A protegee of jack hamli.., p.1
A Protegee of Jack Hamlin's, and Other Stories,
Produced by Donald Lainson
A PROTEGEE OF JACK HAMLIN'S
by Bret Harte
A PROTEGEE OF JACK HAMLIN'S
AN INGENUE OF THE SIERRAS
THE REFORMATION OF JAMES REDDY
THE HEIR OF THE McHULISHES
AN EPISODE OF WEST WOODLANDS
THE HOME-COMING OF JIM WILKES
A PROTEGEE OF JACK HAMLIN'S.
The steamer Silveropolis was sharply and steadily cleaving the broad,placid shallows of the Sacramento River. A large wave like an eagre,diverging from its bow, was extending to either bank, swamping the tulesand threatening to submerge the lower levees. The great boat itself--avast but delicate structure of airy stories, hanging galleries, fragilecolonnades, gilded cornices, and resplendent frescoes--was throbbingthroughout its whole perilous length with the pulse of high pressure andthe strong monotonous beat of a powerful piston. Floods of foam pouringfrom the high paddle-boxes on either side and reuniting in the wake ofthe boat left behind a track of dazzling whiteness, over which trailedtwo dense black banners flung from its lofty smokestacks.
Mr. Jack Hamlin had quietly emerged from his stateroom on deck and waslooking over the guards. His hands were resting lightly on his hips overthe delicate curves of his white waistcoat, and he was whistling softly,possibly some air to which he had made certain card-playing passengersdance the night before. He was in comfortable case, and his soft browneyes under their long lashes were veiled with gentle tolerance of allthings. He glanced lazily along the empty hurricane deck forward; heglanced lazily down to the saloon deck below him. Far out against theguards below him leaned a young girl. Mr. Hamlin knitted his browsslightly.
He remembered her at once. She had come on board that morning with oneNed Stratton, a brother gambler, but neither a favorite nor intimate ofJack's. From certain indications in the pair, Jack had inferred that shewas some foolish or reckless creature whom "Ed" had "got on a string,"and was spiriting away from her friends and family. With the abstractmorality of this situation Jack was not in the least concerned. Forhimself he did not indulge in that sort of game; the inexperience andvacillations of innocence were apt to be bothersome, and besides, acertain modest doubt of his own competency to make an original selectionhad always made him prefer to confine his gallantries to the wives ofmen of greater judgment than himself who had. But it suddenly occurredto him that he had seen Stratton quickly slip off the boat at the lastlanding stage. Ah! that was it; he had cast away and deserted her.It was an old story. Jack smiled. But he was not greatly amused withStratton.
She was very pale, and seemed to be clinging to the network railing,as if to support herself, although she was gazing fixedly at the yellowglancing current below, which seemed to be sucked down and swallowedin the paddle-box as the boat swept on. It certainly was a fascinatingsight--this sloping rapid, hurrying on to bury itself under the crushingwheels. For a brief moment Jack saw how they would seize anythingfloating on that ghastly incline, whirl it round in one awful revolutionof the beating paddles, and then bury it, broken and shattered out ofall recognition, deep in the muddy undercurrent of the stream behindthem.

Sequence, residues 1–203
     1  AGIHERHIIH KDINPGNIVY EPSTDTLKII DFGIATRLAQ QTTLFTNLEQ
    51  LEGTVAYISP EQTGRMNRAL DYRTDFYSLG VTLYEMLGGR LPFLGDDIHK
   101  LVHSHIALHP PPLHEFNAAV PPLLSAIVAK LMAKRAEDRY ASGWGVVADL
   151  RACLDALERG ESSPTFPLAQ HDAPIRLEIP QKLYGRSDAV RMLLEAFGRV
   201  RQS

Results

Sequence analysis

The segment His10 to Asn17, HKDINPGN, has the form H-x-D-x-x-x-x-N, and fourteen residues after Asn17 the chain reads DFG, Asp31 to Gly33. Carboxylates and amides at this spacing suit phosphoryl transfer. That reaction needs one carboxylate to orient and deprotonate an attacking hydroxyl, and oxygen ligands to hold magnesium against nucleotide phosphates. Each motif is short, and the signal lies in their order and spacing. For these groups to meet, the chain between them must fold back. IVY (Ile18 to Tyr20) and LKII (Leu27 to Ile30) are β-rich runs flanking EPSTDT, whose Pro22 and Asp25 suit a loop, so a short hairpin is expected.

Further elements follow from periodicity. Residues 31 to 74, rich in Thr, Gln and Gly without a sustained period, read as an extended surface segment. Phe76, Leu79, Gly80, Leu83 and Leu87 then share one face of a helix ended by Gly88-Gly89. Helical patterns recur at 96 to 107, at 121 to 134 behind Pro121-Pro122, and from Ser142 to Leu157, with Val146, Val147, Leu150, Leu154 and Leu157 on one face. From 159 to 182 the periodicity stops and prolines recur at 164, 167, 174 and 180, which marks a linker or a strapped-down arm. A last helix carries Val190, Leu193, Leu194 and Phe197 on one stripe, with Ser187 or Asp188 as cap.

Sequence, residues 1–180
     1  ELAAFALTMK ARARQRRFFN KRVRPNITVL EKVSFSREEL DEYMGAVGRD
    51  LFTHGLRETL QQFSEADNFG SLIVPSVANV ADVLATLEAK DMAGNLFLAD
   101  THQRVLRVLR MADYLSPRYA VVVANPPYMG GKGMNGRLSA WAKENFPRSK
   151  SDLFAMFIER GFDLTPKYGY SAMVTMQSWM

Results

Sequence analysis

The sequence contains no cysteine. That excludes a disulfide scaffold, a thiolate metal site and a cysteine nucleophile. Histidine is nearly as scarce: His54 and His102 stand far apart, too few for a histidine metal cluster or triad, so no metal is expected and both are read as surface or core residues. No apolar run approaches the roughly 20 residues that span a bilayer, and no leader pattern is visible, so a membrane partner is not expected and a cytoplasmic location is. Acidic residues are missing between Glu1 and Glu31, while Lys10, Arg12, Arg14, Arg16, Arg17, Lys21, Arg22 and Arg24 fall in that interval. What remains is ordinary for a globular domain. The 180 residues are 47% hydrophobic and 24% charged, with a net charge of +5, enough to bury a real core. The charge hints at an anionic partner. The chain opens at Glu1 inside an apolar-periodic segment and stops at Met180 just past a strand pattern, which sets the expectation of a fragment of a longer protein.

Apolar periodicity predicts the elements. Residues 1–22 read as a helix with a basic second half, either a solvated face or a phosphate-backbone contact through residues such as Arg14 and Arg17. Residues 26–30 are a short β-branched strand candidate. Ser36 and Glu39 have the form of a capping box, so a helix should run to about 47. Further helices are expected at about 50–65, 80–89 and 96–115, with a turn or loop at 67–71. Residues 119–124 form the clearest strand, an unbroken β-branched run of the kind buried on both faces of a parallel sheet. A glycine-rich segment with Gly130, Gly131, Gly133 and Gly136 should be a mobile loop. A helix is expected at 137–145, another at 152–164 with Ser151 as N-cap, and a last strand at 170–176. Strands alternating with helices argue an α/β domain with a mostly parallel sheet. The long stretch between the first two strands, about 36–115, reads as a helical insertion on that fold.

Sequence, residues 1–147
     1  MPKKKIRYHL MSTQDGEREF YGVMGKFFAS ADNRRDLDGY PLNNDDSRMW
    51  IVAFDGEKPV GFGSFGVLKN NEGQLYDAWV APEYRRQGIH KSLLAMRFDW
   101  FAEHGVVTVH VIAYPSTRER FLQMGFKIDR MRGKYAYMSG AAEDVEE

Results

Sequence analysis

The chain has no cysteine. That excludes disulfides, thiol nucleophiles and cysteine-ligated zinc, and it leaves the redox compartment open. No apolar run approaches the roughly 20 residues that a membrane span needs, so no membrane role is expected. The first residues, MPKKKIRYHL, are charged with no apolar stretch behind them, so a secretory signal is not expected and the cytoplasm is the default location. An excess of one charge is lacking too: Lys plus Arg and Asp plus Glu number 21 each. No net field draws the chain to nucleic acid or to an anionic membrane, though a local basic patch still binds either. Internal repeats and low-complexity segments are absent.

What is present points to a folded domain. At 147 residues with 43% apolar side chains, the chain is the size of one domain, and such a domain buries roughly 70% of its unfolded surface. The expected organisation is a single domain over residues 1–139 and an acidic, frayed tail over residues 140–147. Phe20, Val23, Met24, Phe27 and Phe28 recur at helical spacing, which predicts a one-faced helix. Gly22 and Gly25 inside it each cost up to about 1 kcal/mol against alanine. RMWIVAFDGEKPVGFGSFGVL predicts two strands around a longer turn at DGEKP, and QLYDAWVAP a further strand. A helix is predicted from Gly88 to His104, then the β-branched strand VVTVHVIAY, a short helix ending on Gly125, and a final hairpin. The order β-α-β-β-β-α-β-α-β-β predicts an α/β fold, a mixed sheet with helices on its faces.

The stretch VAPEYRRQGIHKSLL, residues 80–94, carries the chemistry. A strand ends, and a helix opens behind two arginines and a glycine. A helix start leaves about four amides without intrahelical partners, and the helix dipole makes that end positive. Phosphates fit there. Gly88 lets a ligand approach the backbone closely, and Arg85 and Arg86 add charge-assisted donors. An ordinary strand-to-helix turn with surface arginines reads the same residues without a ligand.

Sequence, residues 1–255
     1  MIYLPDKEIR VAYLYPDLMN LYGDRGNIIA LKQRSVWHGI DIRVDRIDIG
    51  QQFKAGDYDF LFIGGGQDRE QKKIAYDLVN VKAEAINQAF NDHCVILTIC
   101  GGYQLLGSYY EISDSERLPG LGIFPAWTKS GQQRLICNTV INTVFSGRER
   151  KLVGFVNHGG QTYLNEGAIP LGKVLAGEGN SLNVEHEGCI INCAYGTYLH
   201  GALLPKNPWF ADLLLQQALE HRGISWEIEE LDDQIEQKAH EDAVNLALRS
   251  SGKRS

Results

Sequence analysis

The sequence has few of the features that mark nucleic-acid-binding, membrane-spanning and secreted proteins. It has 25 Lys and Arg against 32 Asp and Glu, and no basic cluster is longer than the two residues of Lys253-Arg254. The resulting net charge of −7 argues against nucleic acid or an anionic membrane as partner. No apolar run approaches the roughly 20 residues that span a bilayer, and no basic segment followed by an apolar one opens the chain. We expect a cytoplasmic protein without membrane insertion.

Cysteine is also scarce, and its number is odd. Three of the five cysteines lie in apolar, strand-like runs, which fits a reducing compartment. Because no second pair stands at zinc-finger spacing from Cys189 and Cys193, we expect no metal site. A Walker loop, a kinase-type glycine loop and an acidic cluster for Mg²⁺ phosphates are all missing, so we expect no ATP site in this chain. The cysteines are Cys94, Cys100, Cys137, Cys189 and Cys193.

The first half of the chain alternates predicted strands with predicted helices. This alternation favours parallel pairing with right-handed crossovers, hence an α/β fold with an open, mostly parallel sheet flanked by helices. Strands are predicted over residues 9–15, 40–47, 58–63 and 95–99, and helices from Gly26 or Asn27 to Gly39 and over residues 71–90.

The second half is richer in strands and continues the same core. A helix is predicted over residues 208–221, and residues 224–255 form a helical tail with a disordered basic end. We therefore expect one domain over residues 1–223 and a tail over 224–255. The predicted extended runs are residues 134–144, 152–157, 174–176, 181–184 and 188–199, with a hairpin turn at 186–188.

She moved away presently with an odd, stiff step, chafing her glovedhands together as if they had become stiffened too in her rigid graspof the railing. Jack leisurely watched her as she moved along the narrowstrip of deck. She was not at all to his taste,--a rather plump girlwith a rustic manner and a great deal of brown hair under her strawhat. She might have looked better had she not been so haggard. When shereached the door of the saloon she paused, and then, turning suddenly,began to walk quickly back again. As she neared the spot where she hadbeen standing her pace slackened, and when she reached the railing sheseemed to relapse against it in her former helpless fashion. Jack becamelazily interested. Suddenly she lifted her head and cast a quick glancearound and above her. In that momentary lifting of her face Jack saw herexpression. Whatever it was, his own changed instantly; the next momentthere was a crash on the lower deck. It was Jack who had swung himselfover the rail and dropped ten feet, to her side. But not before she hadplaced one foot in the meshes of the netting and had gripped the railingfor a spring.
The noise of Jack's fall might have seemed to her bewildered fancy as apart of her frantic act, for she fell forward vacantly on the railing.But by this time Jack had grasped her arm as if to help himself to hisfeet.
"I might have killed myself by that foolin', mightn't I?" he saidcheerfully.
The sound of a voice so near her seemed to recall to her dazed sense theuncompleted action his fall had arrested. She made a convulsive boundtowards the railing, but Jack held her fast.
"Don't," he said in a low voice, "don't, it won't pay. It's the sickestgame that ever was played by man or woman. Come here!"